If you enter the House of Cinema in Muzeiny Lane in Vladikavkaz, in the semi-darkness of this listed 1904 building you can imagine a museum collection on the history of the Ingush people that we will probably never see again. We can only try to reconstruct it in our imagination from the descriptions and the rare photographs that remain: a black stone with five indentations, the holy book of Mago from the Mago-Yerdy temple, the mask of the goddess Tusholi found in the village of Kok, a model of the Tkhaba-Yerdy sanctuary.
The fate of Ingush heritage and the Ingush museum collection is a tragic one: transferred from Vladikavkaz to Grozny in 1940, after Ingushetia lost its autonomy and became part of the Chechen-Ingush Autonomous Soviet Socialist Republic, the collection was almost completely destroyed during the Chechen Wars. As early as 1992, 1,657 items from the collection were stolen as a result of an attack on the local history museum. More serious losses followed during and after the military campaigns in Chechnya in 1994–1996. On the night of December 31, 1994, the building of the main museum was destroyed by aerial bombardment and artillery fire. Along with the early-twentieth-century historic building, all of the exhibits on display were destroyed, as were most of the items in storage. Those that remained intact were stolen. According to various reports, between 90% and 95% of the combined Chechen and Ingush collection was lost.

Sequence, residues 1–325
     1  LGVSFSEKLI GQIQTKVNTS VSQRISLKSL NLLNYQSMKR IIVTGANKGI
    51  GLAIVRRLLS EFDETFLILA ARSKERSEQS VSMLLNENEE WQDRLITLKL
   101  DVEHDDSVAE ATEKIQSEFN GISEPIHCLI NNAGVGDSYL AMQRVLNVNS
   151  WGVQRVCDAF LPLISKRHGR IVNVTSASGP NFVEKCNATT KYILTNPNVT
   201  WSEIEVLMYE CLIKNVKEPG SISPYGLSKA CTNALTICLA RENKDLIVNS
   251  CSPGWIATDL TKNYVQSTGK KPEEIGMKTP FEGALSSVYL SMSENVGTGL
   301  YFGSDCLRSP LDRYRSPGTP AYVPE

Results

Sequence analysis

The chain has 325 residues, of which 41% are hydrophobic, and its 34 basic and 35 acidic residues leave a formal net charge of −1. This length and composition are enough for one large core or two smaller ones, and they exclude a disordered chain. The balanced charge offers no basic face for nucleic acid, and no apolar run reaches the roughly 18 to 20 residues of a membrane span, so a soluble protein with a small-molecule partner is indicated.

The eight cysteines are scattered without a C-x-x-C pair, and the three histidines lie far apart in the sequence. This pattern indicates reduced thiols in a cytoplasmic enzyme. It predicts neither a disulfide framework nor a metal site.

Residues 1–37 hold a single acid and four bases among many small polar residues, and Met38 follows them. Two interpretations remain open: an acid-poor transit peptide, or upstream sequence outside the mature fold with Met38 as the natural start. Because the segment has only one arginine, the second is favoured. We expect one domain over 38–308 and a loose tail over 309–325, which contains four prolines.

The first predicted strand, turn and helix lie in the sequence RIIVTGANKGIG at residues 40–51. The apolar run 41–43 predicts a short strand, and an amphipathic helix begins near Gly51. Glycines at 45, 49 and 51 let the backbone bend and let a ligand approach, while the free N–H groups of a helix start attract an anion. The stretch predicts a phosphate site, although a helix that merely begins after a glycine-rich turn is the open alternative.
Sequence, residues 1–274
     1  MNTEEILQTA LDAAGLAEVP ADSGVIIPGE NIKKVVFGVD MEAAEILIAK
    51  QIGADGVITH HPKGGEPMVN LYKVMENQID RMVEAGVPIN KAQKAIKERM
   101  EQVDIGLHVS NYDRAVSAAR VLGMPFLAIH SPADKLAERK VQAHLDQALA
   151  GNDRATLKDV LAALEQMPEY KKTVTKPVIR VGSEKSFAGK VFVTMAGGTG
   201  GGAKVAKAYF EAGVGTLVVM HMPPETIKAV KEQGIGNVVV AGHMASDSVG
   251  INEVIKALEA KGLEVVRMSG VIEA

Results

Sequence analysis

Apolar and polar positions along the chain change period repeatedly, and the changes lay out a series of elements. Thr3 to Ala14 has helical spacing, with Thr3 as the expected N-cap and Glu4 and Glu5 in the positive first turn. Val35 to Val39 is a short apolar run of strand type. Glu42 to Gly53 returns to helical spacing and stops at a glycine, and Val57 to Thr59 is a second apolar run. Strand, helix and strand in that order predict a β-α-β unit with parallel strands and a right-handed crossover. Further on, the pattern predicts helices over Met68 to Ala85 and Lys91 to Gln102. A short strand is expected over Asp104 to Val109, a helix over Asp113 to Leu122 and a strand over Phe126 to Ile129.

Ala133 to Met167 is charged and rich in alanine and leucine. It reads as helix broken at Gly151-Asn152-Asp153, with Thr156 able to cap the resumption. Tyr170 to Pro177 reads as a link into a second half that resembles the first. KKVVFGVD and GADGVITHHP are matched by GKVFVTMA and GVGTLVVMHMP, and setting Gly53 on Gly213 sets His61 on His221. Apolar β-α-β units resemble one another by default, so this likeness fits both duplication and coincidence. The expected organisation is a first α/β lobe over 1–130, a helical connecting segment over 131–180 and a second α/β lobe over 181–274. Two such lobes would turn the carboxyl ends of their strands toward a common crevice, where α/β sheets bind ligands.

The research project aims to reconstruct the movements of the lost collection, its key artifacts, and how it looked. Museum acquisitions and transfers will be studied in the context of Soviet cultural and ethnic policies and museum artifacts will become the starting point for a conversation about the difficult history of the Ingush people in the twentieth century. The project team will also produce a prototype and a concept for the museification of lost heritage and facilitating the restitution of cultural artifacts.